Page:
Malaysia slashes key policy rate to avert recession

(Reuters) Malaysia’s central bank yesterday slashed its key policy rate by a surprise 75 basis points to its lowest level in over 10 years, and is expected to cut rates further in a bid to stave off recession.

The bank cut its key overnight policy rate (OPR) to 2.50 percent, and also cut its bank reserve requirement by 150 basis points to 2 percent in a move that it said was aimed at ensuring banks continued to lend money.

Analysts had expected a 25 basis point cut. The surprise move yesterday prompted some economists to say that rates here could fall as low as 1.5 percent.

Malaysia’s government is forecasting that economic growth this year will be 3.5 percent, a figure many private sector economists say is overly optimistic and the central bank recognised on Wednesday that the economy was more vulnerable.

“The sharper deterioration of the global economy is expected to have a greater impact on the Malaysian economy,” it said.

The central bank’s announcement came after the government released data showing Malaysia’s annual inflation fell to 4.4 percent in December from 5.7 percent in November, mainly due to lower fuel prices.

“With inflationary risks receding, we believe that the downside risks to growth will warrant a continuous easing of policy stance,” said Goldman Sachs’ Enoch Fung.

Fung said he now expected interest rates to stand at 1.5 percent by the end of the year as Malaysia was less vulnerable than many other countries to a currency sell-off due to its current account surplus that stood at 38.7bn ringgit ($10.70bn) at the end of the third quarter.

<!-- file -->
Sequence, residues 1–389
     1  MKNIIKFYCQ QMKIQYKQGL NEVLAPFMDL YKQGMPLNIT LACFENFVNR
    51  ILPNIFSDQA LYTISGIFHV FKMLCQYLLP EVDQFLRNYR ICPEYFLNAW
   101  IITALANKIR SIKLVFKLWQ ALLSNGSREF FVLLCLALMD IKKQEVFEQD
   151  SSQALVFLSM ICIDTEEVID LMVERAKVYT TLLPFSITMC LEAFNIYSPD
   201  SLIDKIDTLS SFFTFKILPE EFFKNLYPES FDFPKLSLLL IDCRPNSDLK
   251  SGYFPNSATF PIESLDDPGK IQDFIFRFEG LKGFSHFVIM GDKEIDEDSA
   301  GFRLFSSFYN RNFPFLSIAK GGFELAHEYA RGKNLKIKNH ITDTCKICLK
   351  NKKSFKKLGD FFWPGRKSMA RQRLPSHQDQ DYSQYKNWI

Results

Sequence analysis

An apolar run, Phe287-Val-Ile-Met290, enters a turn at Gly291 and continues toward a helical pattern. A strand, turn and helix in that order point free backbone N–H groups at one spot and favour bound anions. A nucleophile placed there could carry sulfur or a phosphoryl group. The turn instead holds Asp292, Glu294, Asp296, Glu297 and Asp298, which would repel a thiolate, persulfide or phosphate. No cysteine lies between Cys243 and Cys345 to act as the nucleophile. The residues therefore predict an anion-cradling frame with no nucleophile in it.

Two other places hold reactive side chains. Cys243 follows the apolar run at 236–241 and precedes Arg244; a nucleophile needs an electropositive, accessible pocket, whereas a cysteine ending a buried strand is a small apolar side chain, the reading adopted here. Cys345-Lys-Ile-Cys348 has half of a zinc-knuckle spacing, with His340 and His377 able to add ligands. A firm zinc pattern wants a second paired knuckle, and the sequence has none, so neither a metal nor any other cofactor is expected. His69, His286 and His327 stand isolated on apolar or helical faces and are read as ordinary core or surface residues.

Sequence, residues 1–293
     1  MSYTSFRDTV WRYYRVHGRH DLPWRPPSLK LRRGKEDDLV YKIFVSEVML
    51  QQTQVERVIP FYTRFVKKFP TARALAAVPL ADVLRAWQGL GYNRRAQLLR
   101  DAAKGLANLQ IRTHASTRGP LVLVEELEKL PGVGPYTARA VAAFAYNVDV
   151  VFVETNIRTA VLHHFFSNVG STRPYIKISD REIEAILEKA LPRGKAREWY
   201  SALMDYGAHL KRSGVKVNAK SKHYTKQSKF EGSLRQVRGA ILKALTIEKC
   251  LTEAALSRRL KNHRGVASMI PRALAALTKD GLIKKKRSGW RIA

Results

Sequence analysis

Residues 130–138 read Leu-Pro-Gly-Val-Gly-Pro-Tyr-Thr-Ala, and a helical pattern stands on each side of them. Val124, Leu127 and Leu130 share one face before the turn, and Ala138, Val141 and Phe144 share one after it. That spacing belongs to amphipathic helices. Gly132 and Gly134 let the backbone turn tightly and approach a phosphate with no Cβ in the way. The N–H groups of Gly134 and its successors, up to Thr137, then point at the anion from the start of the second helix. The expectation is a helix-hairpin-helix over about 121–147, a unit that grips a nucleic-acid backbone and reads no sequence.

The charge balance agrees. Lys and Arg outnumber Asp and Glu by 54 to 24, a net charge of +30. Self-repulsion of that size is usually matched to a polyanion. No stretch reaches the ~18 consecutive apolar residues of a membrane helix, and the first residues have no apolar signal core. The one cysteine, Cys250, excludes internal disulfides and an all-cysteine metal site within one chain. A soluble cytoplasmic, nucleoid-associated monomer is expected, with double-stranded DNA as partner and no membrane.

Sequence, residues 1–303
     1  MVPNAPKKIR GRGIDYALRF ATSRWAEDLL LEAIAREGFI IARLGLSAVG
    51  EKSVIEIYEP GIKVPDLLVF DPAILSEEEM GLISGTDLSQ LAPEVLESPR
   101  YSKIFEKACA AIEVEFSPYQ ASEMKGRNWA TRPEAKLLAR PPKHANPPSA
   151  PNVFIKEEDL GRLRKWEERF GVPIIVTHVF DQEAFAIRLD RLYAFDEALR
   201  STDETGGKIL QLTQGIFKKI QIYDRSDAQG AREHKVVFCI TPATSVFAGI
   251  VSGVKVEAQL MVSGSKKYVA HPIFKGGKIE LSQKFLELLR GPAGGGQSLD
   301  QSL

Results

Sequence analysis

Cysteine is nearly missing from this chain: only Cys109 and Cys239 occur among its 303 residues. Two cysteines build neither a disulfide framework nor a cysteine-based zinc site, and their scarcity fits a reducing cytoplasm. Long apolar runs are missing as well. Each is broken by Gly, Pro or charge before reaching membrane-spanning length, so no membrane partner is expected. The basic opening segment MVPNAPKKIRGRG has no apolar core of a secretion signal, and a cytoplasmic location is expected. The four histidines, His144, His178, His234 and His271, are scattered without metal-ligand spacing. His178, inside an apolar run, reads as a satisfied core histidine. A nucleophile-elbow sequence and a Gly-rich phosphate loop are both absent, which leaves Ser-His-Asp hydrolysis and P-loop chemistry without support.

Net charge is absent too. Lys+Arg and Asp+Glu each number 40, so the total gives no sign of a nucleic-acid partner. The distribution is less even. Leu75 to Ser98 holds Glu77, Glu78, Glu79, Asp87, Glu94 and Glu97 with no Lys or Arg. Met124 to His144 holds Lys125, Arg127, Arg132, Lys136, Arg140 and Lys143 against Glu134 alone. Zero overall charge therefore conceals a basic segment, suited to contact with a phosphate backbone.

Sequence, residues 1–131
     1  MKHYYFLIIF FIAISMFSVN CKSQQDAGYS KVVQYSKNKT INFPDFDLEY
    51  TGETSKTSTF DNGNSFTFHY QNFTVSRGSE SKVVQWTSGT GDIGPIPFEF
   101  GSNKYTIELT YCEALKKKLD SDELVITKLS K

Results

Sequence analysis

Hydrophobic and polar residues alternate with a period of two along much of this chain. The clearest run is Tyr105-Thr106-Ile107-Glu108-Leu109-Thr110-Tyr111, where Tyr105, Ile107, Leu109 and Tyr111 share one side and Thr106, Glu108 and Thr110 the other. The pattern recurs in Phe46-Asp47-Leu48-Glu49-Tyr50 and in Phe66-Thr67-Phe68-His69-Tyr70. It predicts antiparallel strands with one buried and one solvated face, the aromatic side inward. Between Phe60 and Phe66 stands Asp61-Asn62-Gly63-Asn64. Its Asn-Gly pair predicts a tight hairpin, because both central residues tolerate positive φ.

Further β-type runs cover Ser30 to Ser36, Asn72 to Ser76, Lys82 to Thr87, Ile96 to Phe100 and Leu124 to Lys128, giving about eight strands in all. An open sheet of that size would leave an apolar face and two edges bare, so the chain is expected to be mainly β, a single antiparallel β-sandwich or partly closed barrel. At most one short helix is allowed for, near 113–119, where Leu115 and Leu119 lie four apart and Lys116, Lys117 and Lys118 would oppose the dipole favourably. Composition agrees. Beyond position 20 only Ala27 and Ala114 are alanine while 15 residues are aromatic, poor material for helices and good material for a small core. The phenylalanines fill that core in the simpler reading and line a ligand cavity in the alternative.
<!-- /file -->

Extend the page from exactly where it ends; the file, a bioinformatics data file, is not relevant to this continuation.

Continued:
“We also think that to pursue an easier monetary stance now would be appropriate for Malaysia as unlike some countries in the region, its huge current account buffer would afford them the room to cut rates, without the fear of triggering currency weakness and higher inflation expectations.”

Malaysia is playing catch-up with central banks across Asia and globally. Earlier this month South Korea’s central bank cut interest rates by 50 basis points to 2.50 percent and Thailand last week cut rates by 75 basis points to 2.0 percent, a four year low.

Bank Negara cut rates at its last meeting in November by a modest 25 basis points and was earlier criticised by many economists for not hiking during an oil-induced price spike that pushed consumer price inflation to near 27-year highs of 8.5 percent last summer.

Malaysia’s growth is expected to be pressured by the weakness in exports, which fell in both October and November and are seen falling further. Exports form more than 100 percent of Malaysia’s gross domestic product.

The bulk of exports are electronics, and demand has waned due to the economic crisis. Palm and crude oil are the other key exports which have been hit by falling commodities prices.

“The contraction in global demand and trade, combined with the reduction in global commodity prices, has affected the export earnings of many of the regional economies, including Malaysia,” the central bank said.

Taiwan’s record export slump of 42 percent year-on-year in December prompted a instant rate cut of 50 basis points by its central bank earlier this month. Malaysia’s exports fell by a relatively modest 4.9 percent in November, the latest data showed.

These concerns, along with tough financial conditions worldwide, could lead to Malaysia’s first recession in eight years, some economists say.

Citibank, which sees at least another 25-50 basis points in rate cuts by the end of the second quarter, said the bank had also acted to help the Malaysian consumer and stimulate domestic demand.

“In the context of Malaysia’s indebted household sector (with debt-service at more than 40 percent of disposable income), lower interest rates would provide significant cushion for domestic demand,” said economist Kit Wei Zheng.